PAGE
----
The government has just announced that it’s pretty much going to ban fracking for oil and or gas in 25% of the country. This is not actually what they’ve said, of course not, but it is what they mean. For they’re saying that the rules will make fracking in national parks and or areas of outstanding natural beauty much more difficult. To the point that only if a deposit is of great economic importance will drilling be allowed.
We might think this is just fine: we’d not drill under Westminster Abbey after all and there might be parts of the country that are simply so beautiful that we wouldn’t want anyone to put a couple of shipping containers of equipment behind concealing hedges. That’s possible, even if unlikely.
However, the part that people will miss here is quite how much of the country this blocks off. Some 25% of it in fact.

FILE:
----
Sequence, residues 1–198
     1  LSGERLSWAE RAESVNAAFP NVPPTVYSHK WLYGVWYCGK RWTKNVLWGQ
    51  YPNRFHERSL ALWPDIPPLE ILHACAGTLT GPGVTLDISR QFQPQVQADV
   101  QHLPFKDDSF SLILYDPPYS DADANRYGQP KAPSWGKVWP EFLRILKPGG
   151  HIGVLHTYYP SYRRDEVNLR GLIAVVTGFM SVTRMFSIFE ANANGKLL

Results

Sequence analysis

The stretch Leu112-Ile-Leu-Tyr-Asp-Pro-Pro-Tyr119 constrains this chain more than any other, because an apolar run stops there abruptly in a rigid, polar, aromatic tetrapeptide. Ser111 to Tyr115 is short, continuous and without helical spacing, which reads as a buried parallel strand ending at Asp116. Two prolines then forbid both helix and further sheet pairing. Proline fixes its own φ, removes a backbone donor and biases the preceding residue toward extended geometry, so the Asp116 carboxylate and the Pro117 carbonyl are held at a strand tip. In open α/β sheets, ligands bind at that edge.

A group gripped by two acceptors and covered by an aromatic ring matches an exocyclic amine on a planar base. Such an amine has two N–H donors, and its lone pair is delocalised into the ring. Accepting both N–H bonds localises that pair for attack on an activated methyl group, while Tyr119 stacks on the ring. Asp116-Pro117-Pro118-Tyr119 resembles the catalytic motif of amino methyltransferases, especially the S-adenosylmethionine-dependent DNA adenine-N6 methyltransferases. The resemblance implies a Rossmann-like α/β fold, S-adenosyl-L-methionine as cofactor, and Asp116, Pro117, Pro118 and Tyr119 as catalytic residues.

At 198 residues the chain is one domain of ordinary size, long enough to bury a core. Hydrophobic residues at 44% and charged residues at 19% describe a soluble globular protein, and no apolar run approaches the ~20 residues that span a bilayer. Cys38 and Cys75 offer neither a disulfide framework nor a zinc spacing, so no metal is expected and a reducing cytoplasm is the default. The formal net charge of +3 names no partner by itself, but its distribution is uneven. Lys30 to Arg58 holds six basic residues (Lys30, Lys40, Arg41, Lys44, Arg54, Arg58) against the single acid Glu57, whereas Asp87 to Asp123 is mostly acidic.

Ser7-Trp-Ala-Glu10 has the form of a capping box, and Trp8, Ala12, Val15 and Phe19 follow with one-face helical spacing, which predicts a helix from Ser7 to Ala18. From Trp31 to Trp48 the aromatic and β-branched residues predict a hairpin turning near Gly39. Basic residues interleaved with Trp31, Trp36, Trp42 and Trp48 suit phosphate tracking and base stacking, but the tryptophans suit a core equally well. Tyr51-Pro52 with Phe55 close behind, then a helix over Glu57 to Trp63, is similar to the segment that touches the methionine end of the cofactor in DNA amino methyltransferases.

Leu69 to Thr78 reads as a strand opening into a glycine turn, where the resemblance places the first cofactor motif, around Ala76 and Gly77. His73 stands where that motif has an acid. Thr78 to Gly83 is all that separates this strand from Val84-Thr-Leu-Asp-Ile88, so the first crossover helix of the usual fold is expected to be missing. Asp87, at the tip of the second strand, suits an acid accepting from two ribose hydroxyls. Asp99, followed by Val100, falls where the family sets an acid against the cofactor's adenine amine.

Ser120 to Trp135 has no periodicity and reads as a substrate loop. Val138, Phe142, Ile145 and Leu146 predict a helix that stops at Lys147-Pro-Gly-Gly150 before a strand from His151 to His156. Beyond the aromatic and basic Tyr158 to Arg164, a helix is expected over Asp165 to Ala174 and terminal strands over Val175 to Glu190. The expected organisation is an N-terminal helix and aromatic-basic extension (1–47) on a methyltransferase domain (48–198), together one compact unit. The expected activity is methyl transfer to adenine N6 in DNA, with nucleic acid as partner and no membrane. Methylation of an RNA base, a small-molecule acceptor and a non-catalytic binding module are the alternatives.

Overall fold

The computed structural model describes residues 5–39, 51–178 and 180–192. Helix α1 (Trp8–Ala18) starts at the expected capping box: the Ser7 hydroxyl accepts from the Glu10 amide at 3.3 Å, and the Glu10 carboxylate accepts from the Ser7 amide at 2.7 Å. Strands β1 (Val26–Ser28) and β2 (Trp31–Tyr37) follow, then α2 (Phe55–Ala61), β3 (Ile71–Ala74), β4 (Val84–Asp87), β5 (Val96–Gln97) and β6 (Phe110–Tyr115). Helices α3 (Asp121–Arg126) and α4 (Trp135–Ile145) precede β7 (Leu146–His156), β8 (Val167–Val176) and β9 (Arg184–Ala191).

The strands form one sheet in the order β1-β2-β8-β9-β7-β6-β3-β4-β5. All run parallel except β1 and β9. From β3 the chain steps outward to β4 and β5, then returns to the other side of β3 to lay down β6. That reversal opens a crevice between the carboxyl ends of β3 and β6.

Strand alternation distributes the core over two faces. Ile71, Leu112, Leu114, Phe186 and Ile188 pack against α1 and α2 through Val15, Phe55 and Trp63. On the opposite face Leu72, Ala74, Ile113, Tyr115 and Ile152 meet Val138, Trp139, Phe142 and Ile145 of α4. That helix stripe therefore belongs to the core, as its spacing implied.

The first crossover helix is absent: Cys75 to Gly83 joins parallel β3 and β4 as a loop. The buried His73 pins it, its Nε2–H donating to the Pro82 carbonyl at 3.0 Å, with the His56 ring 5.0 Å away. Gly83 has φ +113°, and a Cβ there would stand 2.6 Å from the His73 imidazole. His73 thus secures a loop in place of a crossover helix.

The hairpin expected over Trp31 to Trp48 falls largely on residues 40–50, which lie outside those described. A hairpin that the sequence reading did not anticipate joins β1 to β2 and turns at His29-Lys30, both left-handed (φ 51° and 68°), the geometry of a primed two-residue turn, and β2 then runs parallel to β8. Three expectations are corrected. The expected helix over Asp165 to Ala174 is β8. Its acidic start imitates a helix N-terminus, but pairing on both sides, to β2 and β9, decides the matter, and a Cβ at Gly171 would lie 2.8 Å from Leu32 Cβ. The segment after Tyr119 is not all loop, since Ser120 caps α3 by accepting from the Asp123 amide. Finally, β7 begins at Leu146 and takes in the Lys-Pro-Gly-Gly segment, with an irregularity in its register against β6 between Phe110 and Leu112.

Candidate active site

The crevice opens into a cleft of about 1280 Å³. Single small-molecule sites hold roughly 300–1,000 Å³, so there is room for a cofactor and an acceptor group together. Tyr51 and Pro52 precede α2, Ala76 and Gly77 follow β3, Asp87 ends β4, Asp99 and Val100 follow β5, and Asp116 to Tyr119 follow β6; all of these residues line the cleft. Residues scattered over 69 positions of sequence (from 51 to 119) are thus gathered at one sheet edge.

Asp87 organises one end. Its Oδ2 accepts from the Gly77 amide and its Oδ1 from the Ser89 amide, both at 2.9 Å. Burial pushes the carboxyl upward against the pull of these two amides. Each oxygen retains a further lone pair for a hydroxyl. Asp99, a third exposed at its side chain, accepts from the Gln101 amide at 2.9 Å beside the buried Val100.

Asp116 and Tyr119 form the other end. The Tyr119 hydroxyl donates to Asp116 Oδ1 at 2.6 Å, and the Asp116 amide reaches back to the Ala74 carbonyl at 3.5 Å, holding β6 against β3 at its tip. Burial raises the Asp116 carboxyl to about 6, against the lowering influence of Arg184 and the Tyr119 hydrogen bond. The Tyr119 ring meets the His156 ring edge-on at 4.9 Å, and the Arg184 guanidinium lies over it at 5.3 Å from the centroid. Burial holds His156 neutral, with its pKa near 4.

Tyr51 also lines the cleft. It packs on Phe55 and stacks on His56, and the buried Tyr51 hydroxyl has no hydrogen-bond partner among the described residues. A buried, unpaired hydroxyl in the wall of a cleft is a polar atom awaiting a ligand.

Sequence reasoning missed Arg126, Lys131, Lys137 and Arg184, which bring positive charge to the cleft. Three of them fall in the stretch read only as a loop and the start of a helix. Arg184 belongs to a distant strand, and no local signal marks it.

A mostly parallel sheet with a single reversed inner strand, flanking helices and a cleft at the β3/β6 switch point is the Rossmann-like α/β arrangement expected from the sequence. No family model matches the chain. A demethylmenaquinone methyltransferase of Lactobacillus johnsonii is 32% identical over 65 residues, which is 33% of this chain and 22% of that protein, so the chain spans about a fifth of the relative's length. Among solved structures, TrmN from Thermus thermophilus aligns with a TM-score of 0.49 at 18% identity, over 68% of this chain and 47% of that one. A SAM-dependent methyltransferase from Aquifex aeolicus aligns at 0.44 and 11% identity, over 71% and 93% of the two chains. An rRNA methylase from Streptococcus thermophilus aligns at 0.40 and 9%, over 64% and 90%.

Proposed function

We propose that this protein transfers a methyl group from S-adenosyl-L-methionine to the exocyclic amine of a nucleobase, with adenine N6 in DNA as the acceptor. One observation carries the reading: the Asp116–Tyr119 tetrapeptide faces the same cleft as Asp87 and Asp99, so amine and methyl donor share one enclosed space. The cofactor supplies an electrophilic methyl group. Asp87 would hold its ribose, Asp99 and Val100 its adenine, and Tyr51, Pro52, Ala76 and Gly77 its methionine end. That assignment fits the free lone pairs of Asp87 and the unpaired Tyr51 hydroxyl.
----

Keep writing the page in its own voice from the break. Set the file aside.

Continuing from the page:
National parks and other areas of important countryside will be protected from fracking, ministers will announce in a move that will head off anger in the Tory heartlands ahead of the election.
While stopping short of a total ban, the Government will unveil new planning guidance to make it harder to drill fracking wells in national parks and areas of outstanding natural beauty.
In a significant concession, the new rules state that fracking should only be allowed in the most precious areas of British countryside in “exceptional circumstances”.
Any will say “Oh, how sensible” to that. But then add in quite how much land this covers. National Parks cover some 10% of the country. Areas of Outstanding Natural Beauty a further 15%. People don’t seem to realise quite how much of the country is already being pickled in aspic.
There’re very definitely people who don’t want us to have access to this lovely cheap energy for whatever reason. Sadly, some of them are currently in government and making the rules.